GRAND ISLAND, NY (WKBW) — EDITOR'S NOTE: A previous version of this story named the perpetrator. His name has since been redacted because he was granted youthful offender status as part of his sentencing in Niagara County Court on December 1, 2020.
18-year-old Taylor Gordon, who was raped by a classmate who was later allowed to return to Niagara Wheatfield High School, is now sharing her powerful story.
Gordon agreed to a sit-down interview with 7 Eyewitness News Senior Reporter Eileen Buckley.
"I thought that was going to be the end of my life because what he was doing to me and when I had gotten home, I felt empty," Gordon recalled.
A classmate, 19, admitted to raping Gordon in May of 2018.
Her story captured attention when her mother stepped forward publicly last spring, outraged that her daughter’s rapist was allowed to continue to attend school almost the entire school year after he had been charged with rape. There was also a restraining order against him. He was only removed from school after pleading guilty.
Gordon recalled the rape that occurred in her rapist's home. She described him as only a friend, and said she met him just two weeks before it happened.
“The day of the rape, he actually begged me to come over and I kept telling him 'I really don’t want to' because I don’t know like, what was going to happen, I didn’t really know him that well. But he kind of begged me, I gave in and finally went,” Gordon recalled. "[The perpetrator] was actually just a friend who I had just met maybe two weeks before the rape had happened and I didn’t see him anything more than a friend."
Gordon says it was difficult trying to attend school each day with her rapist nearby.
"There was this hallway that he would walk down – on purpose – just to stare at me and give me dirty looks," remarked Gordon.
Gordon tells 7 Eyewitness News it is one decision she wishes she could change.
“I wish I could go back in time and completely fix that situation,” Gordon said.
NOTE: Please be aware some of her reflections of the rape could be difficult to read for some viewers.
"There was a lot him pushing me around and telling me what to do," she said. "There was a lot of me trying to fight back and to tell him to please stop – leave me alone and get off of me, but no matter what happened – like what I said – there was no stopping him. Eventually he had gotten off of me and I had grabbed my stuff and immediately ran."
Gordon discussed how it took her two months to finally tell her mother she was raped. That led to an investigation in which her classmate admitted to investigators he had raped her.
"His excuse to me and to my investigator was that he was too high to remember what he had done," replied Gordon. "When I went into the investigation room I had messages from him crying, saying I’m sorry, I wish I never done that, I wish just get beat up because that’s what I deserve and I hope we can still be friends."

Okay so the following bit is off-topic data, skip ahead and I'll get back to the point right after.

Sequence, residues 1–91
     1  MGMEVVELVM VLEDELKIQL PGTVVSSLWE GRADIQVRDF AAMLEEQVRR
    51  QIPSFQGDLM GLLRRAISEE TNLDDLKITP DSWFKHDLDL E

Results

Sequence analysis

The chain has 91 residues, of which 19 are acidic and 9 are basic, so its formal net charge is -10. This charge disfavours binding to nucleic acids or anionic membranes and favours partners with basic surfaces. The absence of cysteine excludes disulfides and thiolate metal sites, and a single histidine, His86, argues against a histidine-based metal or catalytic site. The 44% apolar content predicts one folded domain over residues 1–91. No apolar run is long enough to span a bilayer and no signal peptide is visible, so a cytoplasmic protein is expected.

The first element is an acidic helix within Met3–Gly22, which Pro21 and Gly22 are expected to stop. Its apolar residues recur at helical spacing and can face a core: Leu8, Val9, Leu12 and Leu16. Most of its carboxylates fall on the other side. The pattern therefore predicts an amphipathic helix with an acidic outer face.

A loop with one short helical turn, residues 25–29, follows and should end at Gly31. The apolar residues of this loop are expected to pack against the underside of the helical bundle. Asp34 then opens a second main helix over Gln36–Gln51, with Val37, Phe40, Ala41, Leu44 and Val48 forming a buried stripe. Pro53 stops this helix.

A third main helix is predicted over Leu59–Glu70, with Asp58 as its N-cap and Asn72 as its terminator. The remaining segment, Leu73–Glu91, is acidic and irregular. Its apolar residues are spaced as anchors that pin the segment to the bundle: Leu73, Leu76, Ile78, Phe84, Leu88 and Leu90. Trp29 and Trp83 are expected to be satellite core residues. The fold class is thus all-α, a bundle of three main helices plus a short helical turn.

Investigators asked Gordon to conduct a controlled phone call with the perpetrator.
"I froze. I said I don’t think I can because I wasn’t ready to hear him or speak to him again," Gordon remembered. But she did conduct the call.
Gordon says the rape destroyed her senior year. She dropped out of cheer leading after being on the squad for four years.
"And then there were days that I actually tried to get ready for school in the morning and I looked in the mirror and I was disgusted and I couldn't even do it, so I would go back to bed," Gordon reflected.
Gordon also faced bullying from both teenage boys and girls from school.
"What were some of the worse bullying remarks made toward you?" asked Buckley.
"I had a kid send me a picture of him of [redacted] on a school bus and caption the picture 'it’s your boyfriend' with a laughing face emoji. I had a boy text me ask me if it was actually real – if everything actually happened or if I was just making up an excuse for attention," Gordon said.
Gordon attended the last four court sessions for Dowdy, including his plea.
"And just seeing him and the way his mom gave me that nasty look whenever I walked in – just upset me and I remember the day when he agreed and took that plea deal my mom, my grandma, the investigator all looked over at me because I just started balling my eyes out," recalled Gordon.
We asked Gordon how she will move forward for a future relationship.
"It’s been a struggle. I’ve attempted to talk to someone and it was hard I had a lot of questions for him," replied Gordon.
The perpetrator was sentenced to one year of interim probation in August.
The principal who oversaw the handling of the allegation, Michael Mann, resigned earlier this month. The Niagara Wheatfield School District had placed him on administrative leave in June.
Gordon graduated from high school in June and has future plans to join the U.S. Air Force.